Is the Plain Dealer trying to confuse readers, simply trying to have it both ways, or just flopping around? I think maybe the latter, unfortunately.
Chris Quinn, vice president of content, Cleveland.com (Whatever happened to editors?), writes that the Plain Dealer will endorse candidates but that’s not the end, as I think it used to be.
The paper made a choice. The paper advised readers of its choice and asked them to follow it. For good or bad.
Now a new recipe: Here’s our choice! But you may not like it. So here’s another choice, too. We aim to please.
Here’s how I guess it will work:
On Sunday we were greeted on the Forum front page with an editorial endorsement: Re-elect Prosecutor McGinty with a cartoon figure that I presume was of Timothy McGinty.
Good advice anyway.
I thought the choice was made.
But just below was a hedge: Editorial: Alternative view. What?
They didn’t endorse? They can’t make up their minds?
The second editorial had a cartoon figure that was supposed to be Michael O’Malley. He’s also running for County Prosecutor. The headline was “O’Malley’s consensus style is appealing.” Which was a bunch of bullshit.
However, it fit the new PD editorial position. Essentially taking a position and running away from it too.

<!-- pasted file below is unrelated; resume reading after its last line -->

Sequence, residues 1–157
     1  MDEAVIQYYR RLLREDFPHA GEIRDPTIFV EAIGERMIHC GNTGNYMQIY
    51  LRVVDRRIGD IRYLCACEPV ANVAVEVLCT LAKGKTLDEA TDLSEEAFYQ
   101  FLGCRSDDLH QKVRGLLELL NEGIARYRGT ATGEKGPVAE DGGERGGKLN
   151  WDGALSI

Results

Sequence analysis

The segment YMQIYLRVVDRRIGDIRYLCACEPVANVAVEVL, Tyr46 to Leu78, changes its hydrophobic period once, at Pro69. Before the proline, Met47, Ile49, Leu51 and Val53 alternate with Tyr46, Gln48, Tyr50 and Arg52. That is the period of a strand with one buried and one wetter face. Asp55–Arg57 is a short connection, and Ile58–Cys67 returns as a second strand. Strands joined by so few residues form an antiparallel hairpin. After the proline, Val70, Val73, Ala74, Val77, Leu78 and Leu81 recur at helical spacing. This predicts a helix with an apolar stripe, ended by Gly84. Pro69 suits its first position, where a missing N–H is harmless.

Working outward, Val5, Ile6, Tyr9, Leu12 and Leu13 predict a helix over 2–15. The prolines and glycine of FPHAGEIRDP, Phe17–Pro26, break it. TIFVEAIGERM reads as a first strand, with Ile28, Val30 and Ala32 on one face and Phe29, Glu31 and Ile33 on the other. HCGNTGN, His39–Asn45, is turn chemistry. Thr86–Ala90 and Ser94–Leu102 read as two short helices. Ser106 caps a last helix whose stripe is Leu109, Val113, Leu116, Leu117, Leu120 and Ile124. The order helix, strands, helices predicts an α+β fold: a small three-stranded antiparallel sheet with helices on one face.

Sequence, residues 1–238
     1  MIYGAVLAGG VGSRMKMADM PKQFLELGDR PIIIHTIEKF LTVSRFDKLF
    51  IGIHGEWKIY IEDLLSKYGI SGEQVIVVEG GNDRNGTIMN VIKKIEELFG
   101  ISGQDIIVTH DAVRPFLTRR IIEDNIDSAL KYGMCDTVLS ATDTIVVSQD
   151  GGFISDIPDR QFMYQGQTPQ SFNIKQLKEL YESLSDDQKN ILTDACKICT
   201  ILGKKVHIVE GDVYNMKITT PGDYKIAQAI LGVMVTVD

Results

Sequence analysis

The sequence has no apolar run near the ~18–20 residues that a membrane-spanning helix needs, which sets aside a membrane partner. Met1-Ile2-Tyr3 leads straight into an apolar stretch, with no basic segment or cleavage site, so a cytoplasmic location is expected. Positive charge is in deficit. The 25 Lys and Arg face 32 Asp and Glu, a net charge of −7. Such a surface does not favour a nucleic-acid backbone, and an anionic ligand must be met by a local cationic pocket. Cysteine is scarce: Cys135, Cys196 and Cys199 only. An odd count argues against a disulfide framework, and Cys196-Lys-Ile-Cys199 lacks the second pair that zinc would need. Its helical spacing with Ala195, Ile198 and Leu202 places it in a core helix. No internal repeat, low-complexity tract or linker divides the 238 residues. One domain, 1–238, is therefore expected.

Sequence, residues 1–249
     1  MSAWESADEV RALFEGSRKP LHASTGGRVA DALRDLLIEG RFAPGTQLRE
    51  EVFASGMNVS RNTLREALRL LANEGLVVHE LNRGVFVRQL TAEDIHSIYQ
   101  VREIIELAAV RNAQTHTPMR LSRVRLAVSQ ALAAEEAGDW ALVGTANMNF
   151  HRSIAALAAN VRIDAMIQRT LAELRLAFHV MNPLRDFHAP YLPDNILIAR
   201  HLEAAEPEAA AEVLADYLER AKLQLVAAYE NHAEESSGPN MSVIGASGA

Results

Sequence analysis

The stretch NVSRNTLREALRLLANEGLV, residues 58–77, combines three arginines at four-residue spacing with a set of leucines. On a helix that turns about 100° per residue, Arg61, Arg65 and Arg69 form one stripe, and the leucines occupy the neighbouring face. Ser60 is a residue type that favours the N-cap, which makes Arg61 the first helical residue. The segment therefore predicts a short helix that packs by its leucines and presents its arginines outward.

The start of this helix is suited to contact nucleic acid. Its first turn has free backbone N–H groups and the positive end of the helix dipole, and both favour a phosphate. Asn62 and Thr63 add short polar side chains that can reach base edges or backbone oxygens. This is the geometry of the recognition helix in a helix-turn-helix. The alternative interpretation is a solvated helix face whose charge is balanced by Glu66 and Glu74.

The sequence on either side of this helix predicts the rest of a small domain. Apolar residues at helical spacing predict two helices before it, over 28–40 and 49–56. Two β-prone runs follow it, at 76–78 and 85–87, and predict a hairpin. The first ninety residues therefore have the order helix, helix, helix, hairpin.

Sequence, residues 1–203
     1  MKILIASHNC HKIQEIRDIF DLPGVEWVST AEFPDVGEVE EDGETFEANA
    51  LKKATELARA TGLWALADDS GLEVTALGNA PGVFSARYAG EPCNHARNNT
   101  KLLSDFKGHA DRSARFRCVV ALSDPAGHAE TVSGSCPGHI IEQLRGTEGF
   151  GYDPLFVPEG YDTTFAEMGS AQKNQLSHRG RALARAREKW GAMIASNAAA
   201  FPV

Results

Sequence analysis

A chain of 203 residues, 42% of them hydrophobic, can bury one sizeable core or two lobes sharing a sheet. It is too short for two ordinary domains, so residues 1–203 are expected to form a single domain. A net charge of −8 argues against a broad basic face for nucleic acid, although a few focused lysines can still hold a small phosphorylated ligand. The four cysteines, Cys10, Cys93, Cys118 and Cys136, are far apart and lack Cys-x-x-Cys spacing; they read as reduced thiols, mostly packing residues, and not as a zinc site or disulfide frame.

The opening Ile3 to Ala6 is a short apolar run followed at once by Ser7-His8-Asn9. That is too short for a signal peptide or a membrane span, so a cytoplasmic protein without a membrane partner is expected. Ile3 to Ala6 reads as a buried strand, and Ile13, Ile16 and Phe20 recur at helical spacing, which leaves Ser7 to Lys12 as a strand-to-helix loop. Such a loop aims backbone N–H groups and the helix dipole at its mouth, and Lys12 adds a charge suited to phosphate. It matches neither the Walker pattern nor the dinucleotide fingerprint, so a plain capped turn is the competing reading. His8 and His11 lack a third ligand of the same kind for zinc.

What kind of editorial posture is that?
The paper did the same thing Wednesday. It endorsed PG Sittenfeld as its candidate for the Democratic Ohio Governor. This was labeled: “Majority view.” What? Who made up that majority?
Just below was a headline: “Strickland’s experience makes him superior.” This was labeled the Minority View.
You can’t have it both ways and be honest with the public.
The structure of the new approach makes for cleaner endorsements. They become the strongest argument we can make in favor of the candidate we support, leaving the argument against that candidate for the opposing view.
It’s not cleaner. It’s confusing. It’s messy. It’s ducking. It’s not leadership at all.
You have to make choices. You can’t beggar your choice with a maybe.
Opposing your editorial position is the place for letters to the editor.
Quinn also writes:
As we analyzed how we might grow, we considered that in today’s polarized America, people have gravitated to media outlets that fit their beliefs. We wondered whether we might divide our opinion content between right and left and set up opinion pages on our website for each. That way, conservatives would feast on opinion pieces espousing their beliefs and engage with others of like minds, and liberals could do the same.
What’s disturbing is the comment that “people have gravitated to media outlets that fit their beliefs.”
Quinn wants to satisfy both. That’s not the duty of a newspaper.
Quinn should know that.
Try to be all things to all people and you are nothing.